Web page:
Meanwhile, Conservatives will be rightly horrified at the tax dollars put to work to compensate for political failures.

I'm not even sure it's going to win any Albertans over. For generations, this province has defined itself by its opposition to Ottawa generally and the Liberals specifically. It's an ancient human habit to spit into the open palm of an enemy. Nothing engenders resentment more than dependence.

Justin Trudeau is going to take hell on all sides for doing what is right and necessary. He will gain nothing by this for his party. The Liberals will probably lose seats in B.C. that they can never hope to make up in Alberta.Finance Minister Bill Morneau for using public money to buy the Trans Mountain pipeline. (Mike Symington/CBC)


Yet by committing to this pipeline, he's acknowledging Alberta's interests; it is a long-awaited motion of appreciation for the needs of this province and the wealth it brings into a properly functioning Confederation.

This pipeline is going to get built, and that's a victory for Rachel Notley, as well. I am not convinced that this province would have received this kind of support from Ottawa if she hadn't committed to a forward-thinking climate change strategy when she was elected in 2015.

More importantly, Trans Mountain ought to shatter a pattern of enmity by which Albertans have come to define themselves vis a vis the rest of Canada; we are the perpetual suckers of Confederation. Our share of taxes on our high incomes hoovered up and then parcelled out via equalization payments to red ridings in Central Canada. Billions to buddies at Bombardier while the patch suffocated. The National Energy Program ad infinitum.

On Wednesday, Morneau visited Calgary bearing kind words.

"We do want to support the oil and gas sector, and there will be those of you who wonder how much we'll support that sector," he said. "And when you have that question, I want you to think back to yesterday. And that's the example of how strongly we'll support the sector."

Perhaps that, too, was no bluff.

This column is an opinion. For more information about our commentary section, please read this editor's blog and our FAQ.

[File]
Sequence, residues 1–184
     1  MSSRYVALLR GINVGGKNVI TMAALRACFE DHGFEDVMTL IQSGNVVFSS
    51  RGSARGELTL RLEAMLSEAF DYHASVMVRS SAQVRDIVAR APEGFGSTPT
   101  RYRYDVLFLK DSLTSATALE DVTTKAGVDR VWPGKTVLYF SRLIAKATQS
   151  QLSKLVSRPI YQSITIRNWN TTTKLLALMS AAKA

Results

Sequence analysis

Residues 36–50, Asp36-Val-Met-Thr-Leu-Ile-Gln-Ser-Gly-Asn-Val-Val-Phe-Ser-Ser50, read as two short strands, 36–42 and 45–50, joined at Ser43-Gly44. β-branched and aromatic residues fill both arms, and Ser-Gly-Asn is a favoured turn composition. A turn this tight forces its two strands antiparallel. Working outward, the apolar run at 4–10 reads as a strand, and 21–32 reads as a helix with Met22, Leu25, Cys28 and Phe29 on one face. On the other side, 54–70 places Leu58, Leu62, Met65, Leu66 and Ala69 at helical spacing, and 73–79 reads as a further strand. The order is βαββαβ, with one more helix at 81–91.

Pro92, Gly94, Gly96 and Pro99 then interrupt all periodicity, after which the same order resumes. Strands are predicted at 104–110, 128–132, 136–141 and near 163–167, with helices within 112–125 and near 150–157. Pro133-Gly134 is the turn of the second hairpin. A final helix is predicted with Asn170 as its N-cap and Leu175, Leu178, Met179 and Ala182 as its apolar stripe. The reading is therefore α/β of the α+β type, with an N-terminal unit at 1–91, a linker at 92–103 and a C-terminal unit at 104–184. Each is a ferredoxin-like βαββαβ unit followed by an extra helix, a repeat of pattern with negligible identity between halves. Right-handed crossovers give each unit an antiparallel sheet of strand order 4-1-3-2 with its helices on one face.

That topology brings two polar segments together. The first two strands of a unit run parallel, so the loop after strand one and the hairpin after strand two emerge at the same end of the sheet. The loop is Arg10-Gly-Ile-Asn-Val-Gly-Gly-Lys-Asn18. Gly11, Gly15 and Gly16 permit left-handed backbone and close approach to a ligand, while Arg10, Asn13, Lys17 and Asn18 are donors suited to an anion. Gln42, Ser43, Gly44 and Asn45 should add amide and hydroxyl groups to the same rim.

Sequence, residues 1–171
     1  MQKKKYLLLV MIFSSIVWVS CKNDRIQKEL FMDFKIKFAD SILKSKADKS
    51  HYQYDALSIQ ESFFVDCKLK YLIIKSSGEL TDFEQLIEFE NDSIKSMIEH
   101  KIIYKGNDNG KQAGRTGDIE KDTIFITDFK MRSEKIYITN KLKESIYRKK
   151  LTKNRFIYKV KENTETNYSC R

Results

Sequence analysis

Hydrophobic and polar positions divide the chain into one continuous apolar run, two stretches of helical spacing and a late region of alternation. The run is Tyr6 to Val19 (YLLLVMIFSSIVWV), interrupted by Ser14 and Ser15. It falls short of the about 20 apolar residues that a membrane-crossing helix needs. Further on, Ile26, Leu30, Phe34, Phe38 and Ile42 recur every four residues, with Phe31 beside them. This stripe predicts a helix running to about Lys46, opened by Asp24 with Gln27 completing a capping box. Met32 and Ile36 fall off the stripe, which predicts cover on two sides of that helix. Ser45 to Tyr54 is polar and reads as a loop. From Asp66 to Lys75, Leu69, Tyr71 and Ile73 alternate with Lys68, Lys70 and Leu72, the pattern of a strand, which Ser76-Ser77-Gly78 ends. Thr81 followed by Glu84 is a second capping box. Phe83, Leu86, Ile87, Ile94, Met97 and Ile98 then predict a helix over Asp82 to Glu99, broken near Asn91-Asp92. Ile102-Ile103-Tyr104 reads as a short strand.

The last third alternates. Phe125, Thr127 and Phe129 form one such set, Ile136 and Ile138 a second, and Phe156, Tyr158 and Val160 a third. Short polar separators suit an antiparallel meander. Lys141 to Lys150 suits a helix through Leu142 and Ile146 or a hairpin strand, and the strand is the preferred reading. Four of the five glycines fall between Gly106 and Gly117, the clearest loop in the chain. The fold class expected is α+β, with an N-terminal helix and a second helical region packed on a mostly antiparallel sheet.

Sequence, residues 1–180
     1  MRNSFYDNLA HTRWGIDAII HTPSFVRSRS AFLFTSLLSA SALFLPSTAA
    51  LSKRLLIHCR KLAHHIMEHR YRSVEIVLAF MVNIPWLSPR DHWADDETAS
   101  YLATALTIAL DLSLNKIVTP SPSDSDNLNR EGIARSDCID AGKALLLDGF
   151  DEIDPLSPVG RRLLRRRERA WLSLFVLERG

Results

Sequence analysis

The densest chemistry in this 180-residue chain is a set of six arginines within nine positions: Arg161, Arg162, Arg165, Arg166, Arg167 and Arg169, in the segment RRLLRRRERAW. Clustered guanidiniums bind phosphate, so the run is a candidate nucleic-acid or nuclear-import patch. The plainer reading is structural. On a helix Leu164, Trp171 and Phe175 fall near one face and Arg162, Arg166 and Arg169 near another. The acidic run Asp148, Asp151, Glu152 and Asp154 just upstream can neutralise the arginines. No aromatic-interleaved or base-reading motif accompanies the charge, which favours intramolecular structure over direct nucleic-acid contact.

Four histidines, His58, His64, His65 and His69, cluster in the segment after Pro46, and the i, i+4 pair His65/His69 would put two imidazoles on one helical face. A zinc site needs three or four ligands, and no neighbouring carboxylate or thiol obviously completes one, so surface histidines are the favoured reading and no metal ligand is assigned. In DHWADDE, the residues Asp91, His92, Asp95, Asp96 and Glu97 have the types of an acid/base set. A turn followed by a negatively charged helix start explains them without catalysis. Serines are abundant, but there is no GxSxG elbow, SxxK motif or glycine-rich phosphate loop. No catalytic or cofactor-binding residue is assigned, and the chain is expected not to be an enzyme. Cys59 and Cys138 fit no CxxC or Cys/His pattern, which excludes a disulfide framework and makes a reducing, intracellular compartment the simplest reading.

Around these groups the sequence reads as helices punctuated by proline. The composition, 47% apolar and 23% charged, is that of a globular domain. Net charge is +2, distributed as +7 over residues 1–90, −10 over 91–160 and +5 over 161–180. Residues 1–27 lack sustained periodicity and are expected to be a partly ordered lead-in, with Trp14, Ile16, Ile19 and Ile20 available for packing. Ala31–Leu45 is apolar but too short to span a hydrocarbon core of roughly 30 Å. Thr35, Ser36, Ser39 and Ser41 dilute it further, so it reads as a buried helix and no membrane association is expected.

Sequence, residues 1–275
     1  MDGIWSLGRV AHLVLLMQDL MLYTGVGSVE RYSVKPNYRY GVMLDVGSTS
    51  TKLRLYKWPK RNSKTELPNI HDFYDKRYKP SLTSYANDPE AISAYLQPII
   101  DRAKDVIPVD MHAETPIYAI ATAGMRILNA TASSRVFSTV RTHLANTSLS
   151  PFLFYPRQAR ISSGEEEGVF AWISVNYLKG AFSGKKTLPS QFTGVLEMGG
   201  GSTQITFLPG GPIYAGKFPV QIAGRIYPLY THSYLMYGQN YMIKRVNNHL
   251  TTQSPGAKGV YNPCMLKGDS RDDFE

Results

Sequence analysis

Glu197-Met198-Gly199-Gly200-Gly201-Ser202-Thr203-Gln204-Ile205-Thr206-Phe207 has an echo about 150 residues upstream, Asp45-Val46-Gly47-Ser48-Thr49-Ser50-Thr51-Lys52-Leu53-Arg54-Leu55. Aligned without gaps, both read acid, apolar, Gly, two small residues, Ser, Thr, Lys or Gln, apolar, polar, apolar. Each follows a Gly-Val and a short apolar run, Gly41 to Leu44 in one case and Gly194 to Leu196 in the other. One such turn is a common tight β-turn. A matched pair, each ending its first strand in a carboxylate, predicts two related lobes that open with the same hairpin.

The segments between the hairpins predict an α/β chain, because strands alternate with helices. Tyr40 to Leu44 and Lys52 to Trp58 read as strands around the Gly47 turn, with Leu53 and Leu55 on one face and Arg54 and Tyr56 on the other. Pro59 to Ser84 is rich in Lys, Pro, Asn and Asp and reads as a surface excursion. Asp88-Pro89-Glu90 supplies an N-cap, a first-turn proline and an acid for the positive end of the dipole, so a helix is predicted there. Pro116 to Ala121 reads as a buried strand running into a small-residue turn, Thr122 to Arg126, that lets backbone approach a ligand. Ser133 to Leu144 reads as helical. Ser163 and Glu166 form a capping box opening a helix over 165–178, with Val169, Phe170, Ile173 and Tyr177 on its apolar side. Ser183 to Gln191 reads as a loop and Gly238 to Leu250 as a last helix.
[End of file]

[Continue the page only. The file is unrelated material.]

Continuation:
Calgary: The Road Ahead is CBC Calgary's special focus on our city as we build the city we want — the city we need. It's the place for possibilities. A marketplace of ideas. So. Have an idea? Email us at:





Jen Gerson


Jen Gerson is a freelance journalist based in Calgary.

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4 minutes ago, Malcolm said:

Trans Mountain is a mere twinning of an existing line that has operated for decades.

.....and not a lot of people in BC know this.

Hell, a lot of people in Edmonton do not know where the pipeline runs.

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Stop letting the tail wag the dog and build the damned thing.


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12 hours ago, Fido said:

.....and not a lot of people in BC know this.

Hell, a lot of people in Edmonton do not know where the pipeline runs.

yep and for all that 4.5 billion all we got was the current infrastructure.  We(WE) still have to build it and pay for the construction.


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Morneau touts pipeline in Calgary

  • Calgary Herald
  • 31 May 2018
getimage.aspx?regionKey=TOA7uq6cppAdrqsZxRDJag%3d%3dJEFF MCINTOSH Federal Finance Minister Bill Morneau told the Calgary Chamber of Commerce, “we’ve got to get the (Trans Mountain) project done.”

Finance Minister Bill Morneau had two telling exchanges Wednesday at a Calgary luncheon to tout the federal government’s historic decision to buy the Trans Mountain pipeline.

One moment occurred when he bumped into entrepreneur Brett Wilson in the middle of the Big Four Building just before a speech to the Calgary Chamber of Commerce; the other came after two protesters interrupted his address.

The two episodes captured the conflicting sentiments surrounding Ottawa’s $4.5-billion acquisition this week of Trans Mountain to ensure the pipeline’s expansion is completed: optimism mixed with a sense of the difficulties ahead.

In the centre of Canada’s oilpatch, there is relief that progress is finally being made to resolve the country’s market access problems, but also a realization the project has several obstacles to clear, including more civil disobedience.

But for a city and industry still recalibrating from the pain of the oil price collapse in 2014, any confidence is welcome.

“For Calgary, this is a good day because we’ve got the promise of an ongoing fight to finish a pipeline. We don’t have a pipeline. The expansion is not built,” Wilson, a co-founder of FirstEnergy Capital and former Dragons’ Den investor, said before the speech.

“But it’s encouraging we finally have a step in the right direction. And if we can get an arena and a new convention centre, there’s a vibe in Calgary that says we’re ready, and we’re ready to play again.”

While Wilson was speaking, Morneau was winding his way through the crowd of more than 500 when he bumped into the Calgary businessman, who has been critical of the Trudeau government’s energy policies.

The talk immediately turned to pipelines.

“In the interest of national pride and unity, I think what we’re doing is the right thing,” Wilson told the finance minister.

Morneau responded with a message he repeated several times throughout the day: the pipeline will be built.

“This was not our first, best solution, obviously,” the minister replied to Wilson, the chairman of Canoe Capital.

“We’d rather it not have been this conclusion, but it’s the right conclusion given where we’re at, because we’ve got to get the project done.”

The right conclusion, as he called it, was Ottawa’s contentious decision to buy out Kinder Morgan’s Trans Mountain pipeline, which ships oil from the Edmonton area to Burnaby, B.C.